Keep reading... Show less
6

This has been a remarkable year for shoegaze. If it were only for the re-raising of two central pillars of the initial scene it would still have been enough, but that wasn't even the half of it.

It hardly needs to be said that the last 12 months haven't been everyone's favorite, but it does deserve to be noted that 2017 has been a remarkable year for shoegaze. If it were only for the re-raising of two central pillars of the initial scene it would still have been enough, but that wasn't even the half of it. Other longtime dreamers either reappeared or kept up their recent hot streaks, and a number of relative newcomers established their place in what has become one of the more robust rock subgenre subcultures out there.

Keep reading... Show less
Theatre

​'The Ferryman': Ephemeral Ideas, Eternal Tragedies

The current cast of The Ferryman in London's West End. Photo by Johan Persson. (Courtesy of The Corner Shop)

Staggeringly multi-layered, dangerously fast-paced and rich in characterizations, dialogue and context, Jez Butterworth's new hit about a family during the time of Ireland's the Troubles leaves the audience breathless, sweaty and tearful, in a nightmarish, dry-heaving haze.

"Vanishing. It's a powerful word, that"

Northern Ireland, Rural Derry, 1981, nighttime. The local ringleader of the Irish Republican Army gun-toting comrades ambushes a priest and tells him that the body of one Seamus Carney has been recovered. It is said that the man had spent a full ten years rotting in a bog. The IRA gunslinger, Muldoon, orders the priest to arrange for the Carney family not to utter a word of what had happened to the wretched man.

Keep reading... Show less
10

Aaron Sorkin's real-life twister about Molly Bloom, an Olympic skier turned high-stakes poker wrangler, is scorchingly fun but never takes its heroine as seriously as the men.

Chances are, we will never see a heartwarming Aaron Sorkin movie about somebody with a learning disability or severe handicap they had to overcome. This is for the best. The most caffeinated major American screenwriter, Sorkin only seems to find his voice when inhabiting a frantically energetic persona whose thoughts outrun their ability to verbalize and emote them. The start of his latest movie, Molly's Game, is so resolutely Sorkin-esque that it's almost a self-parody. Only this time, like most of his better work, it's based on a true story.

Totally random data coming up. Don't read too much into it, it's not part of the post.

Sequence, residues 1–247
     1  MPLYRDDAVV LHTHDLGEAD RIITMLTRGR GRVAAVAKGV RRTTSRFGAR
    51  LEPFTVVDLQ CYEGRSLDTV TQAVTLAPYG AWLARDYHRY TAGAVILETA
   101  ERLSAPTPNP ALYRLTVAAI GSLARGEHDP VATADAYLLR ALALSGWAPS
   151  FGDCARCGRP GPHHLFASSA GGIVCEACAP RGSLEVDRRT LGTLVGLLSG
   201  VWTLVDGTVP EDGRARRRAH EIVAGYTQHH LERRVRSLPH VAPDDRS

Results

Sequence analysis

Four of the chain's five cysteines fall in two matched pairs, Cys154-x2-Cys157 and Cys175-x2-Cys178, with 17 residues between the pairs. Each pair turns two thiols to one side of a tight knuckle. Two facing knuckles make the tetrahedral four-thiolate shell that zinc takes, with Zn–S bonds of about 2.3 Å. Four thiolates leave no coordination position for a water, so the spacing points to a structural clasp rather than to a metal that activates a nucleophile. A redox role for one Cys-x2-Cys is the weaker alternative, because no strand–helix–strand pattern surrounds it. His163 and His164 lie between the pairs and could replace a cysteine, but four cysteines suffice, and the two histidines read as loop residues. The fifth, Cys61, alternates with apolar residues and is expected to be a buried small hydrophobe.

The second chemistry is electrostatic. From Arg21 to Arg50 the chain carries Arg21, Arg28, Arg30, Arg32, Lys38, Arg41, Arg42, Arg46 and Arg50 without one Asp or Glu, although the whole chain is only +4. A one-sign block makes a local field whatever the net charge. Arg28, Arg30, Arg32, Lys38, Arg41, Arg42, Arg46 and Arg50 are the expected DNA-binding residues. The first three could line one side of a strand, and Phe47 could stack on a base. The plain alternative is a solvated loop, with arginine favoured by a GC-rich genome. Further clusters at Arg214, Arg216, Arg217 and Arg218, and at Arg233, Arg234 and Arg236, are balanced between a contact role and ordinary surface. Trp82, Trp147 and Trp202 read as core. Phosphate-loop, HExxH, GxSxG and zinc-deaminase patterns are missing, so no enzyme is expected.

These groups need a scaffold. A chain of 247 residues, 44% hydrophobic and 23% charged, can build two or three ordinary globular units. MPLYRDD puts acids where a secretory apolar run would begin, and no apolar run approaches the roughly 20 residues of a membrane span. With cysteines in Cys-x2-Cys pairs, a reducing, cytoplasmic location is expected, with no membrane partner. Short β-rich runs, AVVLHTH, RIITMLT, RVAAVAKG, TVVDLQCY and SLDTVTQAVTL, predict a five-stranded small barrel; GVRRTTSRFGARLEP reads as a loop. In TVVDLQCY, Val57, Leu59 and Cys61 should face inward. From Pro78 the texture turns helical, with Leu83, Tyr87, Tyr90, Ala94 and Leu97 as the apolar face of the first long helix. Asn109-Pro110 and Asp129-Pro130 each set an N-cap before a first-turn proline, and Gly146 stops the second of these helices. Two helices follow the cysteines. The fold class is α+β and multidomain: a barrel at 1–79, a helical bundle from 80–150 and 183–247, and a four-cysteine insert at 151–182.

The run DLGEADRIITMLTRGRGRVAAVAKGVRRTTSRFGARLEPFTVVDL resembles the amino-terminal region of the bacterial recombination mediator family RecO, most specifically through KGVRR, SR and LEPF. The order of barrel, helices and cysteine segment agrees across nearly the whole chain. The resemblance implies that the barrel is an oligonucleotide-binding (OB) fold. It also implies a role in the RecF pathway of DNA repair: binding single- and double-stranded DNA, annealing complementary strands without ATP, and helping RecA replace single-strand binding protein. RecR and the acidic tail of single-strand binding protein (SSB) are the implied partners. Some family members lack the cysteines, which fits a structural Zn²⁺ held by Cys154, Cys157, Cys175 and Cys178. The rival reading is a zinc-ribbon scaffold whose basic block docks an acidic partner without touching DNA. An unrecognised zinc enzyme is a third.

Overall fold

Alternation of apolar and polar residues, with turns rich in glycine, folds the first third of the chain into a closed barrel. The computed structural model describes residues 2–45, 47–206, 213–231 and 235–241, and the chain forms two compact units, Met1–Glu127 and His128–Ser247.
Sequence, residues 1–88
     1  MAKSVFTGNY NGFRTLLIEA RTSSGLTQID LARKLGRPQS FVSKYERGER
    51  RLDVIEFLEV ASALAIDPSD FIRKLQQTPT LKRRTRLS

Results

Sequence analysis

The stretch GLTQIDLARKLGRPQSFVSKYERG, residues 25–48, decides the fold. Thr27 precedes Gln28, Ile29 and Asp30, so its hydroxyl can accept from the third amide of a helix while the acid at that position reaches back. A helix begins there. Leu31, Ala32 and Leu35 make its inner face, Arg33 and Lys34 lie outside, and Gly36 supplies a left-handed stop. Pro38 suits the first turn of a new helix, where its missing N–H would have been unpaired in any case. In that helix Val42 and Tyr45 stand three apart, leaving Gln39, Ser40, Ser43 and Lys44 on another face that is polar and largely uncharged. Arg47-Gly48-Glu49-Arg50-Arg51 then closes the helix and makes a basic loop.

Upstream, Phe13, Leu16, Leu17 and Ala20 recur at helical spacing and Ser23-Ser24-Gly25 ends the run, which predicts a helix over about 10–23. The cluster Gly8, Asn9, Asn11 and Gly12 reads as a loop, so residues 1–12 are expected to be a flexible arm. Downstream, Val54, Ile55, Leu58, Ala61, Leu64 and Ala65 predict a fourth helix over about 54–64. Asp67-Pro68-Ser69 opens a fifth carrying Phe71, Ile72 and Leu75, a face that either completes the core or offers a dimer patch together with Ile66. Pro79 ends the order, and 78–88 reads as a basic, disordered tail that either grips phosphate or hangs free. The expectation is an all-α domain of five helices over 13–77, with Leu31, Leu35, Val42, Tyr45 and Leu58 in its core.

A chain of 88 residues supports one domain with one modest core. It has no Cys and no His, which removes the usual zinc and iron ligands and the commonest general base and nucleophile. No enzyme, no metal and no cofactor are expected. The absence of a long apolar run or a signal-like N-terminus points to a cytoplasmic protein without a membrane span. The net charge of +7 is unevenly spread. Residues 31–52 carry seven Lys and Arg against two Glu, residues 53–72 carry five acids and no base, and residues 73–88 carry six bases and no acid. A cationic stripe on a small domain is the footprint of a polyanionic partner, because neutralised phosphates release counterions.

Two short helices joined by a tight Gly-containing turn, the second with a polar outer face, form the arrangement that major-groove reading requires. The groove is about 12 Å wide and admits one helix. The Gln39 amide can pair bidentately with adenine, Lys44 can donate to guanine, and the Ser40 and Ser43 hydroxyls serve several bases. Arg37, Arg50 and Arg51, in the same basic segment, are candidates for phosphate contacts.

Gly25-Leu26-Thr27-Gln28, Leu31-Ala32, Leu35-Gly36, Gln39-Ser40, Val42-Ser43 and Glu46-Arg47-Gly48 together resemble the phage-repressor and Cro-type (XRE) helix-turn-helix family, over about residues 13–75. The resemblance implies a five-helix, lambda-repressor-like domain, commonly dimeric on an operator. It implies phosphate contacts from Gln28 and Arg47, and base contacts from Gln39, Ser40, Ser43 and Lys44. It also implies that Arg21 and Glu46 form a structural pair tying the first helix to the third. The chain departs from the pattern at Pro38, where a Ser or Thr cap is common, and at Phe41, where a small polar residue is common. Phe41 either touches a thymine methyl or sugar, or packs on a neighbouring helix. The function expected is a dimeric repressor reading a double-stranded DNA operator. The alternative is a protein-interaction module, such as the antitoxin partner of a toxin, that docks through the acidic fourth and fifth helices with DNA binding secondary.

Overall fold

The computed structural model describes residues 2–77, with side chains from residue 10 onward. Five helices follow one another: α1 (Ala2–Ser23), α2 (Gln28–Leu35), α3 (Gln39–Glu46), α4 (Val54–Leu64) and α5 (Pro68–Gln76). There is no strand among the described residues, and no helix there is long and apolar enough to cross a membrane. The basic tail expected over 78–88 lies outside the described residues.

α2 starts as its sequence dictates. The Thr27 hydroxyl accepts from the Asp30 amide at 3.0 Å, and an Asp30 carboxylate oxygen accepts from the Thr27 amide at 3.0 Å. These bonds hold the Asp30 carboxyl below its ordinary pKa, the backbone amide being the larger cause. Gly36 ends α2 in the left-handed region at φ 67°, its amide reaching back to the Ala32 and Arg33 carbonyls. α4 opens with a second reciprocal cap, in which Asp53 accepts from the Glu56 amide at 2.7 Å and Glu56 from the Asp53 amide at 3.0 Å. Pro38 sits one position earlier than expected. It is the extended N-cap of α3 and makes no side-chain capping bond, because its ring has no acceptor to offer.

Keep reading... Show less
7

There's something characteristically English about the Royal Society, whereby strangers gather under the aegis of some shared interest to read, study, and form friendships and in which they are implicitly agreed to exist insulated and apart from political differences.

There is an amusing detail in The Curious World of Samuel Pepys and John Evelyn that is emblematic of the kind of intellectual passions that animated the educated elite of late 17th-century England. We learn that Henry Oldenburg, the first secretary of the Royal Society, had for many years carried on a bitter dispute with Robert Hooke, one of the great polymaths of the era whose name still appears to students of physics and biology. Was the root of their quarrel a personality clash, was it over money or property, over love, ego, values? Something simple and recognizable? The precise source of their conflict was none of the above exactly but is nevertheless revealing of a specific early modern English context: They were in dispute, Margaret Willes writes, "over the development of the balance-spring regulator watch mechanism."

Keep reading... Show less
8
Pop Ten
Mixed Media
PM Picks

© 1999-2017 Popmatters.com. All rights reserved.
Popmatters is wholly independently owned and operated.

rating-image